Cymbals Eat Guitars – Why There Are Mountains Cymbals Eat Guitars – Why There Are Mountains

Cymbals Eat Guitars - Why There Are Mountains

Cymbals Eat Guitars - Why There Are Mountains

It’s a rare thing to find good indie these days. I mean, I should probably qualify. Without getting into the ins and outs of what indie may or may not have used to mean, it’s common knowledge that indie is a term that whilst flawed and incredibly general, ensures that anyone you mention it to will know pretty much exactly what sort of music you’re trying to describe. There are bands like The xx and No Age which, aye, one would probably describe in the pub as “Indie”, but they’re not, y’know, indie. Cymbals Eat Guitars are, and they’ve drawn influences which are about as the I word-sounding as you can get.

Spearing what was for me upon first listen the elephant in the room, Broken Social Scene. Whilst not necessarily a completely groundbreaking band, they were/are very good, and are one of the first names I think of when this genre of music pops into my head (As it often does). Opener “…And The Hazy Sea” has it all, grand ceremonial pomp mixed with charming steady eddie guitar twinkles, edgy vocals and occasional post-punk squeals. It’s soon apparent though that CEG are focusing a lot more on the loud part of the loud/quiet dynamic than most indie counterparts, however, as apparent on the dance punk cut of “Some Trees” and the jerky rumble of “Cold Spring”. The grand soundscapes shown on the opening track prevail throughout, and even on the relatively brief “Little North”, CEG show that they can craft indie snippets that threaten to swallow you whole.

The other big influence which will become apparent after a few listens, vocally in particular, is Pavement. More in the wistful, airy sense, not in the “He’s not actually singing a tune there” sense. “Like Blood Does” serves as a particular example. A particularly long cut fromWhy There Are Mountains, it builds for a not insubstantial three and a bit minutes before making its point. Closer (On the UK edition, unlucky for those across the water) “Tunguska” is probably one of the better moments on offer here, and I’m not just saying that. Wonderfully confident sounding and knowingly admitting it’s own influences, it strikes the balance of loud/quiet/grand perfectly, before floating away on a beautiful vocal display.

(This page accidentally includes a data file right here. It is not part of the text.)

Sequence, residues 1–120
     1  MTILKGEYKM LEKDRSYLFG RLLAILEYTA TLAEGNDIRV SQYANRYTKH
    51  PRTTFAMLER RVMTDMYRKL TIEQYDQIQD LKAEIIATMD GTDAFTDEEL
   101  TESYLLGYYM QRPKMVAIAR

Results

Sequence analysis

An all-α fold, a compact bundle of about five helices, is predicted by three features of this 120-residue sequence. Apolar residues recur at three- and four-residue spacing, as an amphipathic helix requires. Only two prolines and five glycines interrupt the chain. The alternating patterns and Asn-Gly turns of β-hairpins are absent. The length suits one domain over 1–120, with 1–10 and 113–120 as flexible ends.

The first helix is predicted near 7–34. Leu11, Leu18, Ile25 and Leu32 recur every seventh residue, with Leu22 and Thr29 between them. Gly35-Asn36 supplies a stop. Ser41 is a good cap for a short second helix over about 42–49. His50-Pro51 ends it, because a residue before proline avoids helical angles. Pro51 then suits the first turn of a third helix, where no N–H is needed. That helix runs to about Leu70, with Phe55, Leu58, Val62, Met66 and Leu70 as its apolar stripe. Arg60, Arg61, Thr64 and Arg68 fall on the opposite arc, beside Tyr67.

The downside to this indie binge is that Why There Are Mountains runs a little to closely to being little more than a referencing point for modern musical terminology. It has replay value, yes, but mainly in the sense that you feel you’ve missed something, some bigger point that the band may have been trying to make. The vocals, whilst at times genuinely beautiful, are mainly unintelligible, which, y’know, is a shame. Anyone can play an instrument that you can’t hear.

Largely though, Why There Are Mountains is a solid debut, and a promising start for a young indie band, so long as the next offering is a tad more memorable.

Now I’m off to go and not say a certain “I” word again. I’m pretty sure I just used up my monthly allowance in the last 500 words.

Track Listing:
1. …And The Hazy Sea
2. Some Trees (Merrit Moon)
3. Indiana
4. Cold Spring
5. Share
6. What Dogs See
7. Wind Phoenix (Proper Name)
8. Living North
9. Like Blood Does

Cymbals Eat Guitars - Why There Are Mountains, reviewed by Lemon on 2009-11-02T15:55:39-08:00 rating 3.6 out of 5

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